Push by Sapphire

Monday, 15 March 2010
I picked up Push by Sapphire at the library yesterday and read it in one evening.  It's just that compelling!  However, the book covers difficult material and contains harsh language and explicit sexual scenes.  I'm not a fan of those elements but they are necessary to show just how hard a life the main character has.  Do you like to read?  Can you stand a book that has hardly any silver linings but makes you think, shudder and vow to treat others better?  Then this is an excellent book.


The main character, Precious is sexually and physically abused by both her mother and her father.  She is poor, obese and uneducated.  She lacks confidence because of her illiteracy and she has two children which are products of rape by her father.

Her story (albeit fiction) teaches the reader about the welfare system and how it fails the nation's youths.  Her high school in Harlem is one that is run by the students.  Teachers cower in fear and pass students through with an A even though they cannot read a word.  Even though Precious is raped by her father, her teachers pass judgement and made comments about her being pregnant again.  They kick her out of school and she has no where to go but back home with an abusive mother.  Luckily one teacher gives extra effort to try to get her into an alternative school.  That sparks a tiny flame that finally gets Precious out of the house and into a safe place of her own with her tiny son.

It is also clear during the course of the book that Precious has no idea what a proper diet should consist of.  She buys potato chips because they are cheap and fill the hunger void.  She gets a bucket of chicken and eats all the pieces because she is pregnant, hungry and can afford it.  Her mother sends her to the store with food stamps which buy more pre-packaged junk food than produce and meat.

Push is a book with a serious message.  We have no idea what goes on behind closed doors.  Rather than passing judgement when we see someone who is uneducated, poor, obese or talks with an accent, what if we offer kindness instead?  Why form an opinion because of someone's gender, race, religion, politics or sexual preference before you get to know them? The main character, Precious is shocked when a nurse touches her forehead and says in a quiet voice, "Things are going to be okay," during her first delivery.  No one has touched her in a compassionate way before.  She replays that kindness in her mind again and again even as her mother tries to kill her by kicking her in the head.

I'm going to strive to be more compassionate and look for ways to show kindness.  Maybe it's just me, but it seems we all rush through our days with our heads down and shoulders forward, charging ahead without noticing others.  Those of us with a family and an education got lucky.  Why not share the love?  I'll take off the rose colored glasses and say it again.  We can be kind to others.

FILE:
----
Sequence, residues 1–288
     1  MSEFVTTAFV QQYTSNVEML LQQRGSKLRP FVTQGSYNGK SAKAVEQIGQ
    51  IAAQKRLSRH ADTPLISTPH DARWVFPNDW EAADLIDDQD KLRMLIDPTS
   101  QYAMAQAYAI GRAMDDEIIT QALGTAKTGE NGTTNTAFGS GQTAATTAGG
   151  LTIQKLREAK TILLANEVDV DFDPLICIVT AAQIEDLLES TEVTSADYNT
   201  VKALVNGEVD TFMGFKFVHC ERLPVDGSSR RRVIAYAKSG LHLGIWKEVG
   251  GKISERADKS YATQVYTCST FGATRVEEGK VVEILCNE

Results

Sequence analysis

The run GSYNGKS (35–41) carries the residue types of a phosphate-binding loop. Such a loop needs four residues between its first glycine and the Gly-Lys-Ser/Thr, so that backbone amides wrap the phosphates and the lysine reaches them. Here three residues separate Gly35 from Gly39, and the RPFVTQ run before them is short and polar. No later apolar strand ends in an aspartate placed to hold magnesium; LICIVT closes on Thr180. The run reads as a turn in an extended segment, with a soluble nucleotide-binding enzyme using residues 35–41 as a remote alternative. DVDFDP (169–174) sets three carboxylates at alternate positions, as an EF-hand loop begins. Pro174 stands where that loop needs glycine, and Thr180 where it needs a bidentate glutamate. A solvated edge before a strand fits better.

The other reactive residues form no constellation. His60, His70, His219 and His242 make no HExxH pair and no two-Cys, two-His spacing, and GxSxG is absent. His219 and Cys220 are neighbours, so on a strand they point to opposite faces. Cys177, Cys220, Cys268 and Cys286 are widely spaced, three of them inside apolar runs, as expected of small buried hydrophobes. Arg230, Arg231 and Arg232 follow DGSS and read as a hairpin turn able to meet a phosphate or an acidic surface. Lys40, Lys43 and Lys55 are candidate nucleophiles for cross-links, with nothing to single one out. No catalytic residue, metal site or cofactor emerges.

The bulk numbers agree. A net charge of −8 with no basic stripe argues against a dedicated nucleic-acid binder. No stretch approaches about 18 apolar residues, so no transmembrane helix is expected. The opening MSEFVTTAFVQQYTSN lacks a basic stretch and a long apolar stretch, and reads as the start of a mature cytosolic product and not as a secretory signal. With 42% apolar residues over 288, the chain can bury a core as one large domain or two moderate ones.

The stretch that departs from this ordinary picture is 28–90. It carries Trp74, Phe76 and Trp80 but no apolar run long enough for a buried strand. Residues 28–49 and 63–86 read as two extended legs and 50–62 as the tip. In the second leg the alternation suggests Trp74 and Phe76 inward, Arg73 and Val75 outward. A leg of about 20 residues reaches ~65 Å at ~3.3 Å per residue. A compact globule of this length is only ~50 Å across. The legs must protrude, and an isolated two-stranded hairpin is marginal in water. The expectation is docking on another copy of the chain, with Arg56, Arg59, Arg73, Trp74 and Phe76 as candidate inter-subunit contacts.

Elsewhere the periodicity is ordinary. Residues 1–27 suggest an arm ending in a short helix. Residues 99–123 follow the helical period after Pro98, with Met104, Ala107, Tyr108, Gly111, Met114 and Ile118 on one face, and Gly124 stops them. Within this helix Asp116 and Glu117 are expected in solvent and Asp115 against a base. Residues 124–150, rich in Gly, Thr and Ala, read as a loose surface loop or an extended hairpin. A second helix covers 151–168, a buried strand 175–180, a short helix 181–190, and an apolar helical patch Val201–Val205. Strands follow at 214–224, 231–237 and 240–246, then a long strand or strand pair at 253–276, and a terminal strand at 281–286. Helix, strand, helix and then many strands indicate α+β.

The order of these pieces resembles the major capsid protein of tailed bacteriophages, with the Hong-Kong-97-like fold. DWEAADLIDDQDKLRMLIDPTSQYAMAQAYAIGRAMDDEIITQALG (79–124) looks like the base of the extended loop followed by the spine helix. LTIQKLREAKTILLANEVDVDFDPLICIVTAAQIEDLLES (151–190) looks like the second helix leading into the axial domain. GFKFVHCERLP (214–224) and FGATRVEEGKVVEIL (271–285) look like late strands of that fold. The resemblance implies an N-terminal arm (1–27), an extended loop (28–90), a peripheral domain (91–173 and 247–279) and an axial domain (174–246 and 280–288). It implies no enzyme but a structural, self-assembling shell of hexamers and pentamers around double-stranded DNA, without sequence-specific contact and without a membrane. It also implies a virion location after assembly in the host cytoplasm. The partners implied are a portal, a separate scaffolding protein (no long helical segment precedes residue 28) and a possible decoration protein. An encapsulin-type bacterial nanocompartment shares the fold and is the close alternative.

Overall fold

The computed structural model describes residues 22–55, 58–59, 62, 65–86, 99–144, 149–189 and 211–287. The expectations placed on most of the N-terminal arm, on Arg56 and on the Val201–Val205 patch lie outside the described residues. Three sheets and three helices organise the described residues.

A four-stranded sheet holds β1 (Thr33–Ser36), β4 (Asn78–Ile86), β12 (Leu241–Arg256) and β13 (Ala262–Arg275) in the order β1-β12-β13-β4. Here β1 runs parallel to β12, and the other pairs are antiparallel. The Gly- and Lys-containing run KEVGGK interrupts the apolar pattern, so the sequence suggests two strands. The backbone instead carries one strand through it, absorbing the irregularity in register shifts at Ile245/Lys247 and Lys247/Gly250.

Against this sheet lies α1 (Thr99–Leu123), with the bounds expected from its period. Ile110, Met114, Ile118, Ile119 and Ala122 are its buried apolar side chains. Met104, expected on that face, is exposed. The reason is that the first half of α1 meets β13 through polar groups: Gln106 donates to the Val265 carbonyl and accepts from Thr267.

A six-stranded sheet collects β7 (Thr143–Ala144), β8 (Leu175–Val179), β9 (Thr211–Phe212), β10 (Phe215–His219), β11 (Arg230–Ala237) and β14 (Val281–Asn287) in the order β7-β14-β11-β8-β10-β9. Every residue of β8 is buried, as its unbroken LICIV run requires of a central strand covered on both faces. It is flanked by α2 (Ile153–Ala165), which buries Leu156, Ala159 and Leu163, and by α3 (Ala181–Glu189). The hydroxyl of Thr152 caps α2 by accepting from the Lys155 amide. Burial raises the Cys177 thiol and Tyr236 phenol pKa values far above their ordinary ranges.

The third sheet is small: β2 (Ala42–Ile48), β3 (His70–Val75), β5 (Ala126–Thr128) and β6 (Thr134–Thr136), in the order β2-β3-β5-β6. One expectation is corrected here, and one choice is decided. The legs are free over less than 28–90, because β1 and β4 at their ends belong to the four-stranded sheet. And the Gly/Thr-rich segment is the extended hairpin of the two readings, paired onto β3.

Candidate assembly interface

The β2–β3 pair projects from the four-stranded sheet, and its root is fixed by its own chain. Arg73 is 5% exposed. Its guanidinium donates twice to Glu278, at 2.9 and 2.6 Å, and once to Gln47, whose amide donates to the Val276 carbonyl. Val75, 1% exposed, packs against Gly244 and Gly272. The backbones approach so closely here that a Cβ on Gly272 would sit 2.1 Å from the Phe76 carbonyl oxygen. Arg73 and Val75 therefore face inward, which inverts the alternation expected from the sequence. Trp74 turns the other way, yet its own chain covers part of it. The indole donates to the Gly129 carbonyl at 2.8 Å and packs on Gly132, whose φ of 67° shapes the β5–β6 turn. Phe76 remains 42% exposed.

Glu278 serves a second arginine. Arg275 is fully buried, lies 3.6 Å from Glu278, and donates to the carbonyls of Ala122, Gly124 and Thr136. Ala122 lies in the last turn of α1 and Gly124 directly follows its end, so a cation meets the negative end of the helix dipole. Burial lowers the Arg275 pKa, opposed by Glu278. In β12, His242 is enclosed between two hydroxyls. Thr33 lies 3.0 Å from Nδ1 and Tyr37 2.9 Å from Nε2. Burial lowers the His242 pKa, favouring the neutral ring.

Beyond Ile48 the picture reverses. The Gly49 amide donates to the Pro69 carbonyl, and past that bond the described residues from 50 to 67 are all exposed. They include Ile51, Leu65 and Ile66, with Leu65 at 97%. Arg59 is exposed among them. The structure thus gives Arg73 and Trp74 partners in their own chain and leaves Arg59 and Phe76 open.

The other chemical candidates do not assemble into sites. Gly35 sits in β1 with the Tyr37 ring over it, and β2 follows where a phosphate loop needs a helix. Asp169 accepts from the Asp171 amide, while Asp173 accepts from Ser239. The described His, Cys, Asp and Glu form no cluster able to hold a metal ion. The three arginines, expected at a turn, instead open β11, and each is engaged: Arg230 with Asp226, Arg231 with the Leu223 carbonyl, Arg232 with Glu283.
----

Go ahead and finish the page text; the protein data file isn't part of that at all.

The book is better than the movie but the movie is INCREDIBLE and much more tame than the book.

Here's an excerpt of the poem Sapphire includes at the beginning of the book:

He who feels contempt
For any living thing, hath faculties
Which he has never used; that thought with him
Is in its infancy.  The man, whose eye 
is ever on himself, doth look on one, 
The least of nature's works, one who might move
The wise man to that scorn which wisdom holds
Unlawful, ever.  O, be wiser thou!
Instructed that true knowledge leads to love...

-William Wordsworth

What are you reading?


Chris F. said...

I've been reading "War is A Racket" by Smedley Butler.

Chris F. said...

Take our friends the du Ponts, the powder people -- didn't one of them testify before a Senate committee recently that their powder won the war? Or saved the world for democracy? Or something? How did they do in the war? They were a patriotic corporation. Well, the average earnings of the du Ponts for the period 1910 to 1914 were $6,000,000 a year. It wasn't much, but the du Ponts managed to get along on it. Now let's look at their average yearly profit during the war years, 1914 to 1918. Fifty-eight million dollars a year profit we find!


Anonymous said...

I have not read the book. And I won't...watched the movie first, and it was depressing enough. But from my understanding, the story line is very similar.

I read an article (Salon, I think?) that was along the lines of "They never addressed her obesity! How could they not address that?!?" I agree that morbid obesity is certainly an issue. But seriously?!? She was being raped by her father, sexually and physcially abused by her mother, a teenage mother to a child with a significant disability and HIV +. Morbid obesity was the least of her problems. It just sounded judgy of the actress to me. Like, why hasn't anyone mentioned how fat she is? No one can watch the film and not be aware of the health issues involved. But good Lord. Her mother threw her baby down a flight of stairs...let's worry about the fried chicken bucket later. What's the line about walking in another man's shoes?


Denae said...

CC - So true. Obesity was the least of the character's problems. She was very brave.

~P~ said...

wow!! This sounds like an interesting read....I will try n lay my hands on it. Oh yes and compassion is nothing but an extension of who/what/how and where you could have been but never were... Keep up the good work!!